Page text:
Baz Luhrmann proved with Moulin Rouge! that he can create a musical without it being your standard song-and-dance fare and he's doing it again with the Netflix series The Get Down, which focuses on the start of hip-hop in the 1970s. Because of the subject matter, the cast of The Get Down sings and raps in the series, but is it really the actors performing? The cast has a lot of relatively unknown actors, but that doesn't mean they aren't multitalented since based on their backgrounds, it appears they mostly provided their own raps. With songs written by Nas and Grandmaster Flash as a producer, the young cast of The Get Down had a lot to live up to and when the first half of the series premieres on Aug. 12, you'll see that they delivered.
Moulin Rouge! is still one of my favorite movies and besides loving the cinematography and story line, I was blown away by how musically talented Nicole Kidman and Ewan McGregor were. Although they were both already established movie stars, I had no idea what great singers they were. While you may not be familiar with the cast of The Get Down — like you inevitably were with Kidman and McGregor — you'll still be surprised with the wide range of talent that these young actors display. And while some of the cast had previous experience with rapping, singing, or dancing, others were completely new to it.
For example, Hamilton 's Daveed Diggs portrays the adult version of lead character Ezekiel "Books" Figuero. He rap narrates the series, but Bustle has confirmed that while Diggs portrays the older Zeke, aka Mr. Books, those vocals and lyrics are actually done by Nas. On the other side of the spectrum, Tremaine Brown Jr., who portrays Boo Boo Kipling, is an unknown who you should expect to hear rap. The teenager used to perform his raps on the New York City subway and was discovered when a casting director for The Get Down approached him on the train, according to an interview Brown Jr. gave to the New York Post.
While those are two extreme examples of experience, the rest of the actors fall somewhere in between. But no matter their experience level, everyone needed practice to master the 1970s style of rapping and singing. In order to prepare, actor Justice Smith — who plays the younger Books — told Interview that the cast trained with some classic hip-hop and rap artists. "We had rap classes with Kurtis Blow, Rahiem from the Furious Five, and Grandmaster Flash," Justice said. "They would teach us how to move and rap, and the difference in intonation and cadence from early rap to modern rap." In the series, Books is a poet with a knack for beats and rhymes, so it was essential that he learned from the best for his role. Amusingly enough, when Interview asked if he could rap now after filming the series, Justice said he can only do it with Books' South Bronx dialect.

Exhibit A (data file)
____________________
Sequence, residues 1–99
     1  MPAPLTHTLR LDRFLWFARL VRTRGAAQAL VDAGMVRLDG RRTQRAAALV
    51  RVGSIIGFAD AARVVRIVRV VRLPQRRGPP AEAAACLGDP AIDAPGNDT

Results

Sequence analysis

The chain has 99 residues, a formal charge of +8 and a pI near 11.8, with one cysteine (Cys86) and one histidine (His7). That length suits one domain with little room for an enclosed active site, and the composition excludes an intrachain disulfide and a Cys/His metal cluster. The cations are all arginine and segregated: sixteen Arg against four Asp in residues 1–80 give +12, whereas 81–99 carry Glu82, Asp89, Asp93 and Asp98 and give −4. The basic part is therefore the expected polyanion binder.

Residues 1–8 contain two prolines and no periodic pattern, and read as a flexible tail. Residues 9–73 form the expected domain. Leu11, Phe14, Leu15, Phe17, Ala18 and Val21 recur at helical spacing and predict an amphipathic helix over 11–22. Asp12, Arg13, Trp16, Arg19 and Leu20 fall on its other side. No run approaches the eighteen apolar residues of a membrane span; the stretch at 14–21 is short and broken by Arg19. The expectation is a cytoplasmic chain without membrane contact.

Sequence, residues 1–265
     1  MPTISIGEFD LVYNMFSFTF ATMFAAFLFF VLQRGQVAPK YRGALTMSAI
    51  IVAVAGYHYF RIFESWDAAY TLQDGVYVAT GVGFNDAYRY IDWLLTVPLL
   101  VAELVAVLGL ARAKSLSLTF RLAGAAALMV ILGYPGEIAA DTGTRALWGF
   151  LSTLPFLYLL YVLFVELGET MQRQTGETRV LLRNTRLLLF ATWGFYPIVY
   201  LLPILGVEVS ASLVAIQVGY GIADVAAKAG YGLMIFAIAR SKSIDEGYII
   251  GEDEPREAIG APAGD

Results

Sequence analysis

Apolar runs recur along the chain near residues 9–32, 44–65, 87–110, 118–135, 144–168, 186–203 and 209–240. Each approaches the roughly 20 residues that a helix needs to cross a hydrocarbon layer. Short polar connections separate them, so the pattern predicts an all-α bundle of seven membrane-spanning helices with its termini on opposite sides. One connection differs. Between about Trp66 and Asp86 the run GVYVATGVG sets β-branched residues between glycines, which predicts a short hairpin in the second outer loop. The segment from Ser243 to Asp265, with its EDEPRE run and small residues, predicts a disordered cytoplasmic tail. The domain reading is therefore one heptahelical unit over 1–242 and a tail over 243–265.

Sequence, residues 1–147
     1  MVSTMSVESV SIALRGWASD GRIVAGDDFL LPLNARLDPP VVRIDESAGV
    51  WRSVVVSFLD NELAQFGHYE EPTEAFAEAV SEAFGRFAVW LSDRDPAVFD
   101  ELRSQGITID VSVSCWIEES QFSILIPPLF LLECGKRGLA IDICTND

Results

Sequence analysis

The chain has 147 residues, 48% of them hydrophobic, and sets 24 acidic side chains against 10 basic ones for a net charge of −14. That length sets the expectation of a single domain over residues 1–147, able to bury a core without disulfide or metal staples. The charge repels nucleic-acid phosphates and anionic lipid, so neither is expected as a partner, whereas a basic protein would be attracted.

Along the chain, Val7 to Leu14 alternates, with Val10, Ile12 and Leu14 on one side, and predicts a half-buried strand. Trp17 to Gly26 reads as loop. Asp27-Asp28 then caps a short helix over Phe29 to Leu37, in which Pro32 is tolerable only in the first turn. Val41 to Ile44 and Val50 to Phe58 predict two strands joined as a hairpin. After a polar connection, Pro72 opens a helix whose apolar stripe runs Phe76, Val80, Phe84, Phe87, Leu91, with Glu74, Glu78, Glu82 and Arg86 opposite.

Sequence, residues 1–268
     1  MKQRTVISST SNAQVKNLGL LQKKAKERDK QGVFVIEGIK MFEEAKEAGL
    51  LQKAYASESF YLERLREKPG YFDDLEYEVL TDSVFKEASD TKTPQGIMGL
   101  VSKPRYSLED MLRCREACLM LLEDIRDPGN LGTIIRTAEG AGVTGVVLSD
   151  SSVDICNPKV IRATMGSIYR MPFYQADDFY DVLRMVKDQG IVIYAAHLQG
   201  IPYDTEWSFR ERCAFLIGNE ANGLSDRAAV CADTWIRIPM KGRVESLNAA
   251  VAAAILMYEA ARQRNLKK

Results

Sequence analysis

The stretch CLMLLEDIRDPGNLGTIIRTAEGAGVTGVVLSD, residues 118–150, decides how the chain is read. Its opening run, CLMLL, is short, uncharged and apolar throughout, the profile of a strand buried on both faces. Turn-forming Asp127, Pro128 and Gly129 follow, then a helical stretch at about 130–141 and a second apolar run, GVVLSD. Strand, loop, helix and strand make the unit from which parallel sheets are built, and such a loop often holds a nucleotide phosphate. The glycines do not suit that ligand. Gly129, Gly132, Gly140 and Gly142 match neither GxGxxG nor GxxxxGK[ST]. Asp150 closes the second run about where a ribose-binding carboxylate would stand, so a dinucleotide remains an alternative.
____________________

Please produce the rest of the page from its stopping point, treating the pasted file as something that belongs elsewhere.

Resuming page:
Another starring character in the series is Shaolin Fantastic and the actor behind him actually is fairly well versed in the art of rap. While Shameik Moore is more known for acting in the film Dope, the man behind the character Shaolin has already recorded some of his own music, including the seven-song EP 30058. You can download most of Moore's music on his website, but he also released a mixtape in 2012 called I Am da Beat , which is not available on the artist and rapper's site.
Moore isn't the only actor in The Get Down to have already recorded his own music since Jaden Smith has released music throughout his young career. With parents like Will and Jada Pinkett Smith, it's not too shocking that Jaden has recorded two mixtapes and collaborated with Justin Bieber. His latest foray into music was 2015's This Is the Album, which featured his song "Scarface."
Of course, rapping and singing ability is integral to the actors' roles in The Get Down, but they also have to be able to move. Disco still reigned in 1977 and the character whose moves you'll be watching is Cadillac, portrayed by Yahya Abdul-Mateen II. Abdul-Mateen II does his own dancing, but confessed to Esquire, "I never had any training. The first dance I ever learned was for the show, and it was the Saturday Night Fever dance." And as his moves will prove, sometimes you just can't deny raw talent.
And I can't ignore the women in the cast even if they are outnumbered by the men. Herizen Guardiola's Mylene is a highlight of the trailer for the series as she is shown transforming from her church robes to become a disco diva and Guardiola is a true triple threat on and off screen. As she told InStyle, "Music has always been my first love" and it runs in her veins since her father is a reggae musician — she even used to sing backup vocals for him as a child. She auditioned for The Get Down by singing "Falling" by Alicia Keys and prepared for Mylene by watching videos of '70s icons like Donna Summer and Diana Ross.
Even though The Get Down is tonally different from Moulin Rouge!, I anticipate that like in Luhrmann's film, the musical performances will be the highlight of his new series. Whether the actors have been singing and dancing their whole lives or just somehow mastered the arts on set, one thing is for sure — this cast is outrageously talented, so don't expect anyone else to be subbing in for their heartfelt performances.
Images: Netflix (2); ripleys/Tumblr (2); Caitlin Gallagher/Bustle